[56]           Peter Black: Putting the semantics aside, are you setting aside any money for specific purposes within the revenue support grant this year, such as the collaboration fund?


[57]           Mr Kilpatrick: Other than the collaboration fund—


[58]           Peter Black: Is that going to carry on?


[59]           Lesley Griffiths: That will carry on for three years. This is obviously coming to the end of the first year now. Several of the projects, if not the majority of them, were for three years, so that funding will continue for three years. I am looking at whether to continue it after that.


[60]           Peter Black: There is no other amount of money being set aside within the RSG for specific purposes, such as, for example, housing benefit support.


[61]           Mr Kilpatrick: No, not that I am aware of.


[62]           Peter Black: So, in terms of the support you gave last year for housing benefit—


[63]           Lesley Griffiths: Do you mean the council tax reduction scheme?


[64]           Peter Black: I mean council tax, yes. Sorry.


[65]           Lesley Griffiths: In relation to the council tax reduction scheme, I mentioned that I am giving the £222 million that is coming. You will be aware that the UK Government abolished that, and we gave certain moneys. I have written to local government and had lots of discussions with it about sharing the cost of that. Obviously, when I publish the provisional local government settlement this afternoon, that will be part of it.


[66]           Peter Black: So, that money will be set aside within the revenue support grant.


[67]           Mr Kilpatrick: That money will, as it was last year, simply be added to the RSG and it will be unhypothecated for authorities to use.


[68]           Peter Black: So that is additional money, in addition to what we have here for the revenue support grant.


[69]           Mr Kilpatrick: The £222 million that was added to the RSG last year will be rolled forward.


[70]           Peter Black: Yes, but the £22 million—the 5%—


[71]           Mr Kilpatrick: The Minister will be making announcements about the local government settlement later on today.


[72]           Peter Black: Are we actually going to get a chance to scrutinise that settlement? We cannot scrutinise it now.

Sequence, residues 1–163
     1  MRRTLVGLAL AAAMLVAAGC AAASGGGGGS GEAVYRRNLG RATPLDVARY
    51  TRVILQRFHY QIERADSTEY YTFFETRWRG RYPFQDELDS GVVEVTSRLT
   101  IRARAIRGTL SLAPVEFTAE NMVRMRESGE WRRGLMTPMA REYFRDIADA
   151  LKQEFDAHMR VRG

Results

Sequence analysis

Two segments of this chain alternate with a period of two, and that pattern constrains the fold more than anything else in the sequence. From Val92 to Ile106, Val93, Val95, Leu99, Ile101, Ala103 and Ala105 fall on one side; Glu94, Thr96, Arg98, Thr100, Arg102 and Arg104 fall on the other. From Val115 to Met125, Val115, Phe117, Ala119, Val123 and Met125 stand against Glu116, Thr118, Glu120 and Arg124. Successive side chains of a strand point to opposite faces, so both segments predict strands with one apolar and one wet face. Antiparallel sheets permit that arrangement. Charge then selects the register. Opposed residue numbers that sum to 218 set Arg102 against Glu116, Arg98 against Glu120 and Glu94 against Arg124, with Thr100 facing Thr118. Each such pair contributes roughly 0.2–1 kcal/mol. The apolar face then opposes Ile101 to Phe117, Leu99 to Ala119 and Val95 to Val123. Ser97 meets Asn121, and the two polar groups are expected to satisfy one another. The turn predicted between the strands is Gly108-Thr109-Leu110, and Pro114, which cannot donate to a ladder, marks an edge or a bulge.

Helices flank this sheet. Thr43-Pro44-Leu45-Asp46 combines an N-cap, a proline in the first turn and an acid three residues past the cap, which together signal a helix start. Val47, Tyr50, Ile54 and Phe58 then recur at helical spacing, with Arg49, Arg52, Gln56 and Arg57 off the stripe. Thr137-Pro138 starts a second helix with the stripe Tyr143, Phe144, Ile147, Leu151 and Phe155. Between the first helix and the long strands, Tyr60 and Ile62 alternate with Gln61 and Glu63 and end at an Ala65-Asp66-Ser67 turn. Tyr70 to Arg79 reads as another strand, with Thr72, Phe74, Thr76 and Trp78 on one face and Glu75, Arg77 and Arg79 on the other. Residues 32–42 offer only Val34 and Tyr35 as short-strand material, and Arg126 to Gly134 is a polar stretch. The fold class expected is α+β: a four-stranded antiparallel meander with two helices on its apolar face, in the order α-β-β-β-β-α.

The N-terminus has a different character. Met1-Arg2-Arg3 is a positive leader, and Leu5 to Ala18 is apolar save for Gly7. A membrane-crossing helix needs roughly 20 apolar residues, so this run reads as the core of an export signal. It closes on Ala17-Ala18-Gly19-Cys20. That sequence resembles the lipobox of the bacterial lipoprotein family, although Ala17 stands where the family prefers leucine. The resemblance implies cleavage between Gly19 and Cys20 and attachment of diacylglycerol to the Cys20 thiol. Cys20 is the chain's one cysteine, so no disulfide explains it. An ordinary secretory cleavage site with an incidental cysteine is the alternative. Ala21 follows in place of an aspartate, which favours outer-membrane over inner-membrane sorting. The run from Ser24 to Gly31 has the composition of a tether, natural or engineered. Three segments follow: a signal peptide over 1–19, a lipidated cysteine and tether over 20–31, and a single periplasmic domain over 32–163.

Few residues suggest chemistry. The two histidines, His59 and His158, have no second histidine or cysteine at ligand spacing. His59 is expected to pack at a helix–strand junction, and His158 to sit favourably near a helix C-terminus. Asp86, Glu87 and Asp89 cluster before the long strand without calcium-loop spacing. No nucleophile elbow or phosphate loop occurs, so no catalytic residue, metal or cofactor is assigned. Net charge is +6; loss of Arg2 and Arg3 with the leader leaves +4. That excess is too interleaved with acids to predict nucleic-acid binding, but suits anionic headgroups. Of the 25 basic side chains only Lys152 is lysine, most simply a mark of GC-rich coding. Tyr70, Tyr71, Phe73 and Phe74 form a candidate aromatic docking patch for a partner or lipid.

[73]           Lesley Griffiths: It is a draft settlement, is it not? It will go to consultation.


[74]           Peter Black: It seems to me that we cannot get an answer now and we will not be able to get an answer on that later on. There just seems to be a small gap here in accountability.


[75]           Leighton Andrews: Why?


[76]           Peter Black: I cannot ask the Minister questions on something that she has not announced yet, and she is not going to come back to committee to be accountable for that announcement.


[77]           Lesley Griffiths: Strangely, I asked that question—why I was coming here this morning. Obviously, it is my first time in this portfolio, but apparently Ministers have always come on the morning of the announcement, or before the announcement.


[78]           Christine Chapman: We will clarify this. I take your point, but we will look into this during the meeting.


[79]           Peter Black: Yes, it is not clarified.


[80]           Rhodri Glyn Thomas: You would not want to do the announcement now, would you, Minister? [Laughter.]


[81]           Lesley Griffiths: No, thank you. Thank you for the offer.


[82]           Lindsay Whittle: The £10 million for the collaboration fund—it is a lot of money. I am not so sure that it is always successful. Are we monitoring the outcomes of that £10 million?


[83]           Lesley Griffiths: I appreciate what you are saying and, certainly, when I came into post in March, that money had been announced the previous November, and I was tasked with allocating the funding and looking at the projects and the business cases that came in. We are monitoring it. I mentioned in my answer to Peter that a lot of the projects are for three years, so they are subject to the usual monitoring.


[84]           Lindsay Whittle: You will know that, in my region, Blaenau Gwent and Caerphilly tried to collaborate with social services, and a lot of money was spent, and certainly a lot of time, over two administrations, to try to make that successful, but it failed at the last hurdle, and that is really quite alarming.


[85]           Lesley Griffiths: I know—that was not a specific RCF.


[86]           Leighton Andrews: Minister, I will start by warning you that, as a south Wales Assembly Member, I do not necessarily buy in to chief constable Peter Vaughan’s assessment of South Wales Police’s consultations with the public. May I just ask you about the work that has been undertaken by the Government in respect of the programme for government commitment to improving Welsh Government understanding of the links between performance and funding?